A determined Estonian, Viive Noor, has made a gift to Lewis Carroll’s beloved book Alice’s Adventures in Wonderland (1865) on the 150th anniversary of its publication. She has curated a thematic exhibition called “It’s Always Tea-Time” in the Estonian Children’s Literature Centre, which will be exhibited there until 28th of November. Entrance is free of charge.
Alice’s Adventures in Wonderland is a crazy story that has bothered minds of all times – what was meant with the unusual characters and situations? I remember reading the book as a child; it made little sense to me, but still brought joy to my little heart. Rethinking the book now, I understand that I am one of many who question the characters and sense of the adventure. Nevertheless, I liked the exhibition that taught me one thing for sure – you do not have to understand everything to enjoy the fun that this crazy story has evoked in the artists’ imaginations.
The initiative has brought together 72 artists from 19 countries, including Estonia, Hungary, Iran, Italy, Latvia, Russia, Spain, and others. Until visiting the exhibition, I had never wondered about how many other children from “exotic” countries dreamed about Mad Hatter, March Rabbit and other extravagant characters. The exhibition that represents so many different countries assures me that Alice in Wonderland is the common currency for dreams and fun. The proof of this statement is the homogeneity of the exhibition that represents a small craziness. Almost no national characteristics can be seen in the works. The exhibition is a homogenous, colourful tea party where all of the book’s characters are invited.
The exhibition takes place in the Estonian Children’s Literature Centre – a cosy and warm place on the threshold of Old Town. Although I did not meet too many children there, the small tables and chairs, not to mention the spiral stairs in one of the halls, made me feel as in a wonderland for small children. The artworks perfectly fit in this atmosphere, where the rulers seem to be the smallest members of the society. However, once overthinking the artworks, which represent many different styles, I am not sure for whom they were meant in the first place. A grown-up would definitely look deeper and find that the Iranian artist’s painting “… and Carroll Saw” actually represents the life cycle and time to which all creatures are subjected to. However, I imagine that the smallest visitors would like the painting for something as unimaginable as a clock table depicted in it. That is why the exhibition is so fascinating and family friendly – while children enjoy the colours and fun of the illustrations, the adults ponder over the crazy story.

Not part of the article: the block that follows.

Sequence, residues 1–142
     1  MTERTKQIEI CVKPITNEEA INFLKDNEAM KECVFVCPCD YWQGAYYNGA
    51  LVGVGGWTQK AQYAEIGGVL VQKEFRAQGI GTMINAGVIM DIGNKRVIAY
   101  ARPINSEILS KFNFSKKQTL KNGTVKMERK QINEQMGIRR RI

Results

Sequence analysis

The exhibition not only represents different artists from many countries, but also many different types of art including graphics and sculpture, which at first does not seem to be a common choice to portray the colourful story. However, it still leaves a very strong and bright impression. It is fun to see the same excerpt from the book illustrated in so many different styles and emotions. The most popular episode of the book is, of course, the tea party, which might be explained by the fact that the whole exhibition is named after it. However, even though most of the works play with the same episode, they are very different from each other, leaving one with a feeling that one has revisited all the old friends by reading the book all over again.
Fun! That is the characteristic that best describes the exhibition. I left the premises of the Estonian Children’s Literature Centre in a very positive mood, although most of the artworks provoked deep inner discussions about Alice’s Adventures in Wonderland and the true moral behind it. It is magical how such a light topic has materialized in something that complex. For this reason, I warmly recommend the exhibition to everyone. You can enjoy it both ways – either for the pure childish happiness or to provoke yourself to rethink the unbelievable obvious and translate it in your current state of mind. Take your family and go!